Policies for temporary agency work in Japan commenced for the good reason of creation of a specialist labor market that would be suitable for the lifestyles of women with strong educational backgrounds. The aforementioned policies targeted specialist personnel only. However, this limitation was considered to be divergent from the global trend (i.e., temporary agency work originally involves temporary labor demand). In 1999, the focus shifted to the temporary dispatching that did not limit targeted operations. Furthermore, in 2003, the limitation on the period for “specialist dispatching” was eliminated, while the limitation on the period for “other dispatched workers” was changed from 1 year to 3 years. As such, the nature of temporary agency work began to decouple from the basic concept of response to temporary labor demands. With the amendment in question, specialist dispatching would be abolished. However, the amendment does not make the act solely for the temporary operation dispatching, but further exacerbate the lack of principles. Whether or not dispatched worker contracts are based on fixed terms or unfixed terms is a key factor. Therefore, this amendment has caused increased confusion regarding the original purpose of temporary operation dispatching. If the amendment is to stick to the original policy for responses to temporary operation demands, it is not reasonable for the limitation on a dispatching period to be eliminated, even if workers are hired by dispatching business operators on an unfixed-term basis. Or, if it intends for dispatched workers to be hired on an unfixed-term basis, even if such workers undertake indirect employment (although it would be meaningless to make workers continue to be hired in temporary staff recruitment agencies which undertake no other substantial business), the condition that the duration for dispatching must be limited to 3 years on an individual basis does not make sense. This condition would simply be a matter of convenience that would allow temporary staff recruitment agencies to avoid conversion into unfixed-term contracts (Article 18 of the Labor Contract Act).
Temporary agency work entails a three-party relationship in which workers are hired by dispatching business operators and work for client business operators. Employment and labor conditions for temporary agency work are therefore structurally unstable. Temporary agency work does not allow workers to depend on such manner of making a living over their whole lifetimes, and thus it is nothing but a second-best choice. Nevertheless, I am not advocating that temporary agency work be prohibited. Nor would I have temporary agency work in Japan return to its origins as work limited to specialist dispatching. Today, the specialist labor market should be constructed based on normal employment conditions, and “specialist dispatching” no longer possess any intrinsically substantial meaning. Then why is it necessary to acknowledge temporary agency work? This is because temporary labor demands will most certainly accrue in the labor market. The fundamental nature of policies for temporary agency work is to harness demand for temporary labor, to preserve continuous employment, and to have dispatched workers obtain normal direct employment. To that end, dispatching business operators should be sensitive to market conditions, to harnessing of demand for temporary labor, and should ensure the preservation of continuous employment opportunities. Dispatching business operators also must endeavor to develop occupational abilities and help dispatched workers to obtain normal employment opportunities. When labor demand has accrued to an extent that it exceeds temporary demand, client business operators (corporations) should assume responsibility for allowing dispatched workers to obtain normal employment opportunities. Labor unions and worker representatives should undertake appropriate management of temporary labor demand and also should assume the same responsibility described above when labor demand exceeds the level of temporary demand.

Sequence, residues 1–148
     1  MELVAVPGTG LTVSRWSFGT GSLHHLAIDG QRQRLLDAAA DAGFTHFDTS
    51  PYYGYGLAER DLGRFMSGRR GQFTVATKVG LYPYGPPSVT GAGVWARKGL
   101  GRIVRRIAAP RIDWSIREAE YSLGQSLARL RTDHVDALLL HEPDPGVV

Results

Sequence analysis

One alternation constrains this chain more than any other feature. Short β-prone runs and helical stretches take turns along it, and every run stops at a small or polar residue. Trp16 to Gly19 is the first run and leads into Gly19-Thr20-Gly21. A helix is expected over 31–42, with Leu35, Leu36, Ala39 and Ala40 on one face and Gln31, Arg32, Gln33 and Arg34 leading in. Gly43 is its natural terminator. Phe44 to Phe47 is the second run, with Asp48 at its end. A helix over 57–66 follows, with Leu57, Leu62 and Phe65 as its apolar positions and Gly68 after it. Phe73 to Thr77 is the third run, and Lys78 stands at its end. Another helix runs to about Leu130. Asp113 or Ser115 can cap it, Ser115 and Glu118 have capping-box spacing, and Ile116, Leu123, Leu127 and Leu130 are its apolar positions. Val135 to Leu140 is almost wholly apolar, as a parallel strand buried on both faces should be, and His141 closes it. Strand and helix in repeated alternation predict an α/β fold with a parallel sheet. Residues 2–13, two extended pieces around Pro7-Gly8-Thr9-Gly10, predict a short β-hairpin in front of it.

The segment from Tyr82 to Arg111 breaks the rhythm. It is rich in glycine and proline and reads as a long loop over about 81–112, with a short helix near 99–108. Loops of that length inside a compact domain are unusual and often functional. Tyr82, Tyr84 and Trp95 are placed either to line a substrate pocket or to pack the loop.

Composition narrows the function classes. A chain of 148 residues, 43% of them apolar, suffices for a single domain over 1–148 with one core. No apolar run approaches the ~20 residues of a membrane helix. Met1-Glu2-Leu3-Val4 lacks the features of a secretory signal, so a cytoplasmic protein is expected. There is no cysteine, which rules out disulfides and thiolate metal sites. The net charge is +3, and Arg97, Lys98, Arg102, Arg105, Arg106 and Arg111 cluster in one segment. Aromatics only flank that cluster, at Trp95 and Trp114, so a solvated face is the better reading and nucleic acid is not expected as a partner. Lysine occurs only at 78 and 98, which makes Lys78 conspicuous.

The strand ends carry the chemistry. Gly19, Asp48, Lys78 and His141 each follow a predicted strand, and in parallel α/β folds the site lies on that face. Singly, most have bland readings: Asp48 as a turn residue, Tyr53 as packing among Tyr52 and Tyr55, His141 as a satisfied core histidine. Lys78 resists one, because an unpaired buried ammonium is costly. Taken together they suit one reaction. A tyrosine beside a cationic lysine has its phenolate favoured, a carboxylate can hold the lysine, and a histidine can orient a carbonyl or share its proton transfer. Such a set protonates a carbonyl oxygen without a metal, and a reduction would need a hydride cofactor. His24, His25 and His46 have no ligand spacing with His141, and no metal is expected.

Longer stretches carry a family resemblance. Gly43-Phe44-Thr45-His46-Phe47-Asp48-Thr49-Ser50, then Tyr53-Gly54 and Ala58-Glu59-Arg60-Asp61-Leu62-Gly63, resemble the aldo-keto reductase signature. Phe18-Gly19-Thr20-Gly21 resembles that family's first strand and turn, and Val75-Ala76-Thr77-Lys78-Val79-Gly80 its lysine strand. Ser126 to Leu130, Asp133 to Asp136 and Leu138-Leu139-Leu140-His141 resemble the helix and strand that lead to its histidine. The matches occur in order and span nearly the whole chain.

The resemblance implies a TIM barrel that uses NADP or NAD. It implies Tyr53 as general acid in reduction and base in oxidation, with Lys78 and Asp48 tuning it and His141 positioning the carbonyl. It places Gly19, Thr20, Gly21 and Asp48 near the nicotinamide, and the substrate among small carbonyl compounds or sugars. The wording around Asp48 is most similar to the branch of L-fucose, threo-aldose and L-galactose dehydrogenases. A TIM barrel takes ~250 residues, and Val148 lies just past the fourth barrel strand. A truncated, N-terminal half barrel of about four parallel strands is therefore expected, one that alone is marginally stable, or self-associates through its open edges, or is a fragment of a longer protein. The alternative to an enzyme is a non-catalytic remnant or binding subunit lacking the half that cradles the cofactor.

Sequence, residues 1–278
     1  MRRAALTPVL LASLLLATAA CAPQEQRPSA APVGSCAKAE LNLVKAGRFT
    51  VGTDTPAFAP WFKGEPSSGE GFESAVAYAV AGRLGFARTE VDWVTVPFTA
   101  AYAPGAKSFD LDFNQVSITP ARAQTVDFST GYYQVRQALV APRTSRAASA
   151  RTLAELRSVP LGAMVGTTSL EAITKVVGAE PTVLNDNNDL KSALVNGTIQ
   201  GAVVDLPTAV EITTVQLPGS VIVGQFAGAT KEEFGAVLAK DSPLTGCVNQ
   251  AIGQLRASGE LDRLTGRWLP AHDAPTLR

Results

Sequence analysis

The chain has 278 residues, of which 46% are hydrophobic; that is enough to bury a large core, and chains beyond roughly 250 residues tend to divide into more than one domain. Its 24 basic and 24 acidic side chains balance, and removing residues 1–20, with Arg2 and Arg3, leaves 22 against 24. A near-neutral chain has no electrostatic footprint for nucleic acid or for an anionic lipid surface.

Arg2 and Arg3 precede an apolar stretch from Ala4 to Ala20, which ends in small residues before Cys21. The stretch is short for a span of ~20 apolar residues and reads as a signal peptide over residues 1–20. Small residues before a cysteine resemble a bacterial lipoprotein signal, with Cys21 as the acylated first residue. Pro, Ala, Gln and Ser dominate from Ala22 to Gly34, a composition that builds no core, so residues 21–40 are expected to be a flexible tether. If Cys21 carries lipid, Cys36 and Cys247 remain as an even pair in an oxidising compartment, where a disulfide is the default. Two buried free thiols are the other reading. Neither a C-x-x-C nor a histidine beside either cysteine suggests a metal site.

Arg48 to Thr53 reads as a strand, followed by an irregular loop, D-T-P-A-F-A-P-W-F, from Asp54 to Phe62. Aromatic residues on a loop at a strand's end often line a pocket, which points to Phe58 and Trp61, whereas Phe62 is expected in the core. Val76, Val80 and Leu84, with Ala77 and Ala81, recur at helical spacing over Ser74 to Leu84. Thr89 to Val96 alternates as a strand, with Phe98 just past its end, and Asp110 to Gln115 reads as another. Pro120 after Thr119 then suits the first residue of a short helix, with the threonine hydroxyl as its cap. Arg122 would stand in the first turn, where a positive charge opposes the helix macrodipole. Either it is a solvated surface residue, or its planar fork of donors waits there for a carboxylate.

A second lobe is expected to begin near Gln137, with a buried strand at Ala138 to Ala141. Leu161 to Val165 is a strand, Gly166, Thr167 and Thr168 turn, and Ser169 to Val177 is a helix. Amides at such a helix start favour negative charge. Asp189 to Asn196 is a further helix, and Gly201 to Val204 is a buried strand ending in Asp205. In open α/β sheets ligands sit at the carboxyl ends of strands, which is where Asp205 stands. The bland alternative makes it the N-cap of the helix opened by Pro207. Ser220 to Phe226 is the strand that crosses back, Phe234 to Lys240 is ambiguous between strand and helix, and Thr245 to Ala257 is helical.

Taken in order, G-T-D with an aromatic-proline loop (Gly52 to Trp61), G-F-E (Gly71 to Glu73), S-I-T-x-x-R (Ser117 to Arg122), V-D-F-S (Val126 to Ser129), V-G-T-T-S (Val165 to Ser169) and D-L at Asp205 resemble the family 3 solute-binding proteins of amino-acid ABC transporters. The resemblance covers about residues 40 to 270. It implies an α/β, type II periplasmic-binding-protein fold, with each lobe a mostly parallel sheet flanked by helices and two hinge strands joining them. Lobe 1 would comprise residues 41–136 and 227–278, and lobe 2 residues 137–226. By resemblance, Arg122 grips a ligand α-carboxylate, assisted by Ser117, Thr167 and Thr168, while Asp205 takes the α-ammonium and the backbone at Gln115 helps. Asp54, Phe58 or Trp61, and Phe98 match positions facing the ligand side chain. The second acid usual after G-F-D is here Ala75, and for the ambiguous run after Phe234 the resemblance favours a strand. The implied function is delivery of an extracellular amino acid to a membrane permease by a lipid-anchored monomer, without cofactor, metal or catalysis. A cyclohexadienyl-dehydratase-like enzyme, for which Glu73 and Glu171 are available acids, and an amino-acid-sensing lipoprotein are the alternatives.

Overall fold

Of course, considering incentives for temporary agency work that allow easy reduction of employment and wage costs, it is difficult to realize the aforementioned policy purpose. Therefore, three methods have been used worldwide in relation to policies that limit temporary agency work to the fulfillment of temporary labor demand: regulations on the purpose of use, limitation of dispatching periods, and application of the same wage principle. None of the aforementioned methods have been sufficiently implemented in Japan. Today, a wide gap has opened between regular employment and non-regular employment. Given such situation, the most important element of employment policy is obviously the principle of equal or balanced treatment for regular and non-regular workers, as indicated by the amendment to the Labor Contract Act and Part-Time Employment Act. This principle is also applicable to temporary agency work. In contrast to the case of equal treatment for part-time conditions and fixed-term contracts, in the case of temporary agency work, equal treatment applies to between different employers. Therefore, the fact that application of such treatment serves to prevent constant replacement and competition that lowers dispatching work fees cannot be overlooked. Simultaneously, it is necessary to recognize that the same wage principle alone does not resolve the unfair bearing of risk that forces dispatched workers to assume employment risks. It is necessary to reconfirm the obligation to have dispatched workers obtain regular positions at client business operators based on dispatching periods by returning to the principle of equality. Be this as it may, it is my hope that personnel in charge of policies and Diet members begin discussions in order to reconfirm and share the purpose of policies for temporary agency work.